Date of Award


Degree Type


Degree Name

Doctor of Philosophy



Major Professor

Nancy E. Henry

Committee Members

Amy C. Billone, Harry F. Dahms, W. Martin Griffin


Since 1979 when Wolfgang Schivelbusch applied Marx’s phrase “annihilation of time and space” to the nineteenth-century railways, the idea that locomotives revolutionized mobility and restructured life has undergirded historical analysis. Recent scholarship challenges this long-standing assumption, countering that transportation networks expanded through evolutionary change and that cultural adaptation occurred by resisting the imposing forces of modernity. My study joins this critical departure but proposes a new conceptual model defined by regret and revision. This dissertation argues that fiction written between 1857-1891 illustrates railway growth as a recursive and participatory process. I show through the writing of Elizabeth Gaskell, Charlotte Riddell, Mary Elizabeth Braddon, Charles Dickens, and Margaret Oliphant that expansion was neither radically disruptive nor seamless but occurred through a series of fits and starts, re-assessments and alterations. Additionally, this body of fiction illuminates how Victorians actively negotiated the challenges the railways introduced, rather than merely adapting their lives to technological modernization or turning away from the present to recuperate part of a lost past.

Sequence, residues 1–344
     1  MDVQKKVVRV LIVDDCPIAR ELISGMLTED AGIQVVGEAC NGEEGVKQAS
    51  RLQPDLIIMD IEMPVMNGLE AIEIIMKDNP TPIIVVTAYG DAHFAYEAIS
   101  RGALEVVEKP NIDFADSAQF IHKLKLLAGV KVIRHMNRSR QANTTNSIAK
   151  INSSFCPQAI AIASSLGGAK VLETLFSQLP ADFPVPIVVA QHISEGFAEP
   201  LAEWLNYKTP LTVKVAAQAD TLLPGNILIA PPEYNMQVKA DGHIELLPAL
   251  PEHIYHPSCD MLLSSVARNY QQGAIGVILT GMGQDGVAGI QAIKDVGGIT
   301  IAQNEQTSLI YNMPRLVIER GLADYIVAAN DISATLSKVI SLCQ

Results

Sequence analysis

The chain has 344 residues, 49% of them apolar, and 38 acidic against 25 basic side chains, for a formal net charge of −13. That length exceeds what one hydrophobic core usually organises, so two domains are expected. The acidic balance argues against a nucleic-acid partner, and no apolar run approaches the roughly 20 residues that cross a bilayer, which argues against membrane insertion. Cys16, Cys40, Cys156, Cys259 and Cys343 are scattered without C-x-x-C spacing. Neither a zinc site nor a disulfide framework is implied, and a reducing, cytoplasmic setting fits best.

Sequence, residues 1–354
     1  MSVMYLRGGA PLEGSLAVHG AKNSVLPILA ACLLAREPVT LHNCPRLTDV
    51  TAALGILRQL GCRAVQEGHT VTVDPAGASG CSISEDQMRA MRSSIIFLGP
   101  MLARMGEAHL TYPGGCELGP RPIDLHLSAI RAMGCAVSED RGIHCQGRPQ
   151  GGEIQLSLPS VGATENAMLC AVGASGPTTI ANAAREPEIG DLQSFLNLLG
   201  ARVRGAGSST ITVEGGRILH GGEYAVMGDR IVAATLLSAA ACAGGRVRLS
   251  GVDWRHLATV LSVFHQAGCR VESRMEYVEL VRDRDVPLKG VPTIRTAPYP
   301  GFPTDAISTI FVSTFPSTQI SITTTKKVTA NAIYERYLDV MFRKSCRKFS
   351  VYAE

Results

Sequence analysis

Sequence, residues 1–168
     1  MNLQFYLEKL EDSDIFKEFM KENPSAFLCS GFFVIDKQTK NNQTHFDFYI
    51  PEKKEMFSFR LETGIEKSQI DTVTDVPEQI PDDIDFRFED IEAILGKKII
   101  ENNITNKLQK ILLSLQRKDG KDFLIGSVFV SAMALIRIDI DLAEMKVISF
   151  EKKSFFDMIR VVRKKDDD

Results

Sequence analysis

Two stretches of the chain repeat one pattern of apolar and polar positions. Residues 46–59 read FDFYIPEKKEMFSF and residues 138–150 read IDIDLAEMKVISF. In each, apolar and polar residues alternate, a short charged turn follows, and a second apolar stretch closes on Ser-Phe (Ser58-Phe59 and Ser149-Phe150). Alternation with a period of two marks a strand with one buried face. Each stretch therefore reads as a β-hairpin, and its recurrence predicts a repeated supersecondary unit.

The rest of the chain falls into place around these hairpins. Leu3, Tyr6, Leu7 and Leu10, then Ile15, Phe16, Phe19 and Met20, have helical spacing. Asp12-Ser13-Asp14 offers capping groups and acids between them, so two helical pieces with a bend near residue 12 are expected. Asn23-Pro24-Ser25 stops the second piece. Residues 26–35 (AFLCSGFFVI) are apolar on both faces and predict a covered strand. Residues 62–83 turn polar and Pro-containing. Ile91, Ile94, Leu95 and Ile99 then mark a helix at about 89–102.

As the railways transformed from invention to commodity to industry, popular nineteenth-century engineering biographies shaped the story of the railway and its inventors, engineers, and investors into inflated myths of personal success and smooth progress. Valorizing self-interest over government interference, these narratives reinforced the laissez-faire arrangement between Parliament and railway companies. However, by mid-century redundant and abandoned lines, accidents, financial mania, and social immobility sparked debates about the detriment of lax regulation on public welfare. Along with newspapers and journals, fiction contributed to this debate. Works by Dickens, Gaskell, Riddell, Oliphant and others addressed these regrets by revising the story of the railways, correcting the strategic selection, erasure, and exaggeration of those early myths. In chapters focused on the expansion of lines, traveler safety, financial investment, and social mobility, this dissertation showcases authors who amplified the voice of public opinion in their fiction during a time when Parliament and boards of directors dominated the conversation. Demonstrating that to regret the past is also to envision a better future, such fiction provided the space within which Victorians could imagine balance between corporate, state, and public interests.

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